[volt-nuts] Finally got around to modifying my Fluke 845ab with LED's
brooke at pacific.net
Tue Sep 9 21:00:37 EDT 2014
Is there something special about the GR strobe tube that prevents you from using a more modern strobe tube?
Chuck Harris wrote:
> Hi Mark,
> I have an itty bitty white led, probably called a T-1 size, and it
> glows dimly for a long time after you shut it down. They all pretty
> well have to.
> I think what you are seeing with your analyzer is the blue/UV component
> that drives the phosphor element. It will run just as fast as any old
> style LED.
> I also think that the blue/UV component, which is very bright, is what
> is driving Dallas's chopper.
> But enough on that. I wasn't trying to criticize, just make mention of
> something I noticed in my own work.
> Where I got to thinking of this is when I burned out the strobe tube
> in my G-R strobotach. Replacement tubes were in the $300 range, so I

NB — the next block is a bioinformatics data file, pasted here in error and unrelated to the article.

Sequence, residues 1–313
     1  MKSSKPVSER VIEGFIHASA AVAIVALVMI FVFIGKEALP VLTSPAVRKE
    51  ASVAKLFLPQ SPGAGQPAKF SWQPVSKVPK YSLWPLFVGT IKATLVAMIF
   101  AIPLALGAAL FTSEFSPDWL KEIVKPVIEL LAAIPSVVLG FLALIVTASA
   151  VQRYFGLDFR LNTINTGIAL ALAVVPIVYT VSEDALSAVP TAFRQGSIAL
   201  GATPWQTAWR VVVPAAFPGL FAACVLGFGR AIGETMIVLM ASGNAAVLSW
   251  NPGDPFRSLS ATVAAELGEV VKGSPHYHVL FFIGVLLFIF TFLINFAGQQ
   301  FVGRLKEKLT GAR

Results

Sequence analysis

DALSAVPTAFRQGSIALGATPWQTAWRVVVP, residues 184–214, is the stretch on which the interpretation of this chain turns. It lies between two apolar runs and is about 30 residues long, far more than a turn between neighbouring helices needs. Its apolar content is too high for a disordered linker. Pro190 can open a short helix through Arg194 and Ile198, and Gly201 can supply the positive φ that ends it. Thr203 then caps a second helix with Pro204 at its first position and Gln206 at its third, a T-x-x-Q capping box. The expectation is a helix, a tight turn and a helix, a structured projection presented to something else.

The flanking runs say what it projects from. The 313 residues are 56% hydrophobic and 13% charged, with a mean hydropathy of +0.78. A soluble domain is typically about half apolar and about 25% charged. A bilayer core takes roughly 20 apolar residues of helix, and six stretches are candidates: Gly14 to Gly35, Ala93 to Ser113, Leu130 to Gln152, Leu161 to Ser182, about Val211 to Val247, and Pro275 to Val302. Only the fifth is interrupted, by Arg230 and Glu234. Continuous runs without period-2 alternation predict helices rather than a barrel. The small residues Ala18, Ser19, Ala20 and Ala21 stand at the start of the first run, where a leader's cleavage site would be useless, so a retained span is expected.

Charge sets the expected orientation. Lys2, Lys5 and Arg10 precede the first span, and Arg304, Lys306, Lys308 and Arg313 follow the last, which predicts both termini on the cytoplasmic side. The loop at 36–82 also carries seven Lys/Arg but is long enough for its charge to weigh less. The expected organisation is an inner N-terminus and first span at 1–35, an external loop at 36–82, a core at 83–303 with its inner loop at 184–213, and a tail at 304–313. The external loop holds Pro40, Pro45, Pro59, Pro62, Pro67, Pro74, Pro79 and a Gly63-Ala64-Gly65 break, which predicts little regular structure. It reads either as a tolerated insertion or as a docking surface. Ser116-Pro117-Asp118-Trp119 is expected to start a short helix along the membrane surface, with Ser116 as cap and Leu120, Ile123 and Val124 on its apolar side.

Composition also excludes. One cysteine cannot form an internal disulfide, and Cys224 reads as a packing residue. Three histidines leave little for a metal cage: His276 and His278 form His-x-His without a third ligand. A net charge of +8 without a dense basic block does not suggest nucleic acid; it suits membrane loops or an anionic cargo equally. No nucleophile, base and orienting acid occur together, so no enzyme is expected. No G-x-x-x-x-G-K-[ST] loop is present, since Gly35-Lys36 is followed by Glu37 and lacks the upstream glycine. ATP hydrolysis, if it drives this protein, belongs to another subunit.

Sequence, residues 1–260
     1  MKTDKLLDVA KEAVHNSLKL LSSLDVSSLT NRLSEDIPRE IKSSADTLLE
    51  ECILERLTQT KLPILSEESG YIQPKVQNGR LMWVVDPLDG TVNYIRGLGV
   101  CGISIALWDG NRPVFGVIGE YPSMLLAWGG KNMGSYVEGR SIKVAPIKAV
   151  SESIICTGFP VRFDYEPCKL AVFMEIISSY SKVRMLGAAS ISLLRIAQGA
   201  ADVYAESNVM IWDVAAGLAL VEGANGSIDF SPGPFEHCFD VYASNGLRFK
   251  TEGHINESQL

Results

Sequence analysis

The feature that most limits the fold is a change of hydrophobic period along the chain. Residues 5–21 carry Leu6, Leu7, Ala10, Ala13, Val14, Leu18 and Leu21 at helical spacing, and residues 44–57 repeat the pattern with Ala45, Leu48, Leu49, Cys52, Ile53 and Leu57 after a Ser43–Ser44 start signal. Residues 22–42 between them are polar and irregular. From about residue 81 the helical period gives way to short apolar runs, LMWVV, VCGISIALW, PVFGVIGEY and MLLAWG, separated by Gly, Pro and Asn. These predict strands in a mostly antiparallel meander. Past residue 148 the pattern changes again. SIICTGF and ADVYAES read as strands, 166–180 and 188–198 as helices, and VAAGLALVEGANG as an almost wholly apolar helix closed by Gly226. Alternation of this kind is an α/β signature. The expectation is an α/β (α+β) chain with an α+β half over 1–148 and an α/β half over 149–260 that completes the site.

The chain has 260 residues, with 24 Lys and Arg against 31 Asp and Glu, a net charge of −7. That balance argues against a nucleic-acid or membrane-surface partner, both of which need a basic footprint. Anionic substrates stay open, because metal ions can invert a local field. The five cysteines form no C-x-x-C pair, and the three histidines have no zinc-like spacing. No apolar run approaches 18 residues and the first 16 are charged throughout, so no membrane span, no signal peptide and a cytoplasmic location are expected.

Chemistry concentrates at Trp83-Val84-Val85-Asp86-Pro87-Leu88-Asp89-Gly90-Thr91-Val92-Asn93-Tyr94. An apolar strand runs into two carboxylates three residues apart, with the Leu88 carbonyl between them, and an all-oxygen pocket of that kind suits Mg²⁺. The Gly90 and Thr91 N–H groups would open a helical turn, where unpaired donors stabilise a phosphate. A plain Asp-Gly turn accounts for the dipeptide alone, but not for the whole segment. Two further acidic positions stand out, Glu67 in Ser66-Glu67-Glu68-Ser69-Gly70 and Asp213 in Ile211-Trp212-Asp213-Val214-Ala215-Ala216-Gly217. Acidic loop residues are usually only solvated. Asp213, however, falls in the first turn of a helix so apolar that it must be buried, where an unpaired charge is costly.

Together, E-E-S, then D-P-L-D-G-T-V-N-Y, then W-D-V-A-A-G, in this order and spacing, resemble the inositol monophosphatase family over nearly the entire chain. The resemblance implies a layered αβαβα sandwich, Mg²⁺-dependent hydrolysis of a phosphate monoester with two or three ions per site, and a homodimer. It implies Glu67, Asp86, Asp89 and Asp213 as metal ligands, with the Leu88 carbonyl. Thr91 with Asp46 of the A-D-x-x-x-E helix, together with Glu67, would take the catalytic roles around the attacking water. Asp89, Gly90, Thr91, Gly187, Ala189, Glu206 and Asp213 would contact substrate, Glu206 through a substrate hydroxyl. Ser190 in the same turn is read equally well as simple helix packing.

> knew that would never happen, so I was thinking of making a solid state
> replacement using a handful of those wonderful little white LED's.
> They would certainly be bright enough, but I'm pretty sure the phosphor
> hang would make them unsuitable for stopping motion... your eye would
> see a blur instead of the razor sharp image you get with the strobe tube.
> -Chuck Harris
> Mark Sims wrote:
>> I would probably use green or yellow LEDs, but the white ones should not be a
>> problem. I built an LED analyzer/integrating sphere and one of the features is a
>> circuit that optically measures the LED driver PWM frequency. It can also detect
>> the minute variance in LED intensity from an LED driven by a 950 kHz boost
>> converter. It also had no problems with a white LED driven at 4 MHz from a signal
>> generator. You see the long persistence phosphors mainly in large lighting LEDs
>> and not in small indicator LEDs. _______________________________________________
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